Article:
eleven wrote:DonM wrote:However, as a manual solving method, a forcing chain is quite different from an AIC.

Excuse me, but this is just rubbish. Logically they are exactly the same (when you restrict forcing chains to 2 alternative starting points), as well as for a manual solver. What is the difference, when you say "one of x and y must be true, if x then .. and if y then ..." or (x=y) with an AIC left and right?When it comes to more difficult puzzles with few, if any, bivalue cells, the weakness in the forcing chain method for manual solvers becomes more apparent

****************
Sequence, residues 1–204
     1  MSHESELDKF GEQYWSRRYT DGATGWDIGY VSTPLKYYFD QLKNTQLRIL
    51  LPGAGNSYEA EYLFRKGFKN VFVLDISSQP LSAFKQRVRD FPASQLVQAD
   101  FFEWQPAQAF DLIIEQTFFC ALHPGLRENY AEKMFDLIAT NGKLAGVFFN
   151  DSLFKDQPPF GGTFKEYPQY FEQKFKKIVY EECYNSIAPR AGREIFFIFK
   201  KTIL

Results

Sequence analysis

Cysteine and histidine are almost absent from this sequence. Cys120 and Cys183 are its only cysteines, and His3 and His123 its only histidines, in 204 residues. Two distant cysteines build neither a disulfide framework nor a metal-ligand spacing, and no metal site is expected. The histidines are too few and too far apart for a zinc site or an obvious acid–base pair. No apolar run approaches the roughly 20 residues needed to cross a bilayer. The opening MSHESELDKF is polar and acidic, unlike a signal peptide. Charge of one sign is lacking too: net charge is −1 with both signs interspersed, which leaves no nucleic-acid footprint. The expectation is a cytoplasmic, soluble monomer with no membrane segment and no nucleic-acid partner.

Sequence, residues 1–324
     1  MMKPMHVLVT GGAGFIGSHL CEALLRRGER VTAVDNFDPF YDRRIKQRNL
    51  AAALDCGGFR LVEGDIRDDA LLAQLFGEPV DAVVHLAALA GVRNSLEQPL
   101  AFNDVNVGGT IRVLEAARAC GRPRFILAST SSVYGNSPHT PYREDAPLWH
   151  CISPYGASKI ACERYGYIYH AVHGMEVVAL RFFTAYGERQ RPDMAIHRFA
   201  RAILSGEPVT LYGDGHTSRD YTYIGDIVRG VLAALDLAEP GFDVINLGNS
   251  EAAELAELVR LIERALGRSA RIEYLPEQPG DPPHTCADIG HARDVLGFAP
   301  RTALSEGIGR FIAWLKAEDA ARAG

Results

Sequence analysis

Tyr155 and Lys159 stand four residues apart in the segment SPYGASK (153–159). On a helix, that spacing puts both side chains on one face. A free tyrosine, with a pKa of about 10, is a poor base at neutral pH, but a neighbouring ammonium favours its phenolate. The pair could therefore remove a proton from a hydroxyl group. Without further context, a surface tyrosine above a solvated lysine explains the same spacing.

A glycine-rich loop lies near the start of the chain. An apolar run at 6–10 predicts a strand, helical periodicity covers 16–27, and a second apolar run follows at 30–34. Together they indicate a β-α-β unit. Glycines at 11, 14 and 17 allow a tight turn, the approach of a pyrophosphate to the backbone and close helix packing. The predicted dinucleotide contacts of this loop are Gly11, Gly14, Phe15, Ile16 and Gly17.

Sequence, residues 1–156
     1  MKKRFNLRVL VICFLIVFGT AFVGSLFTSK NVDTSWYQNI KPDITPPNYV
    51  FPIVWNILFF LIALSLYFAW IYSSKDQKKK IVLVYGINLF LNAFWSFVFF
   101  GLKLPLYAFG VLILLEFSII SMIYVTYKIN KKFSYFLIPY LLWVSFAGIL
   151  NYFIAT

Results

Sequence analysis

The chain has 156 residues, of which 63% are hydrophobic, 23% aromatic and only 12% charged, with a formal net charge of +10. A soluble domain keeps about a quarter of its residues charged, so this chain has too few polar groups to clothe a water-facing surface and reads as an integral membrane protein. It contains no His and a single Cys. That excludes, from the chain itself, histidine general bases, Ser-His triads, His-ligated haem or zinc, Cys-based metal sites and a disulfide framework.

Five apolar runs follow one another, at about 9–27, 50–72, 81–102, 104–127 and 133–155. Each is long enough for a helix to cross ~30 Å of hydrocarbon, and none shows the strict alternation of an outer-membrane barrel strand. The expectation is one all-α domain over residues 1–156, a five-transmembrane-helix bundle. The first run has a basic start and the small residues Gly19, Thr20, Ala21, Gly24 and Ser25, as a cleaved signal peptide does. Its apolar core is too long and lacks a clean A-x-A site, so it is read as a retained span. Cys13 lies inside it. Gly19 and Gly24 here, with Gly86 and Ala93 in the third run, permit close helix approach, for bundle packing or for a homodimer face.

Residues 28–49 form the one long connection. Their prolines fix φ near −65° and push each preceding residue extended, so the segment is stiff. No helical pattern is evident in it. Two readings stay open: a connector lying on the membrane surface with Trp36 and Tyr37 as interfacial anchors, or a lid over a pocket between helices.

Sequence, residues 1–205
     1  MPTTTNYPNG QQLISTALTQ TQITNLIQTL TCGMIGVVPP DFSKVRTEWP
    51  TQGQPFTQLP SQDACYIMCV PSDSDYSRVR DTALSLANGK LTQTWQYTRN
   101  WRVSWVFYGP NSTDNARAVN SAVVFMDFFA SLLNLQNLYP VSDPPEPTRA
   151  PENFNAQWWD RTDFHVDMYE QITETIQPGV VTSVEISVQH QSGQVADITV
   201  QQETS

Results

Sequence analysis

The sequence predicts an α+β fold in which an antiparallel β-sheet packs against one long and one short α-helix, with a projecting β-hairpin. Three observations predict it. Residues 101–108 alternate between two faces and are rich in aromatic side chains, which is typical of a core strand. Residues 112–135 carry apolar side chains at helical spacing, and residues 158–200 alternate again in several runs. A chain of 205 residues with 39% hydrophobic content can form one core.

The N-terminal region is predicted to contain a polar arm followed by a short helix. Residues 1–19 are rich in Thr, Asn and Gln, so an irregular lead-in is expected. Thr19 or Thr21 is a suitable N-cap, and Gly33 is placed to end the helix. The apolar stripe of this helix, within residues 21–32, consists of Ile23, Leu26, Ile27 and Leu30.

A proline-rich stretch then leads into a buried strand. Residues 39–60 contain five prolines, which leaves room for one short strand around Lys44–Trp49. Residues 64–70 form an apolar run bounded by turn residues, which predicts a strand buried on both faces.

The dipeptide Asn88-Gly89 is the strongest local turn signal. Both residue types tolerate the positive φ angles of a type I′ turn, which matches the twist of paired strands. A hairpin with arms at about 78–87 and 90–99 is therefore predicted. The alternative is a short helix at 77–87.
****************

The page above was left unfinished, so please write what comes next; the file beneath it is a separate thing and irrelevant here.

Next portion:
Do you really know, what a forcing chain is ?SINs were interesting from a theoretical point-of-view, but in practice the concept, not the least of which when it came to notation, was unwieldy for manual solvers and was never picked up as a practical manual method

If you ever have tried to solve hard puzzles manually, you will know that when trying to expand one direction of an AIC, it will happen, that this number runs into a contradiction. Embarrassing ?

Gee Eleven, when you talk like that I get all sorts of warm fuzzies.

That's going to constitute my only response because I've come to learn that you're a sniper. You fire these shots then disappear or come up with an obscure puzzle challenge that you already know the answer to, the reason for which is obvious, though irrelevent to the original subject.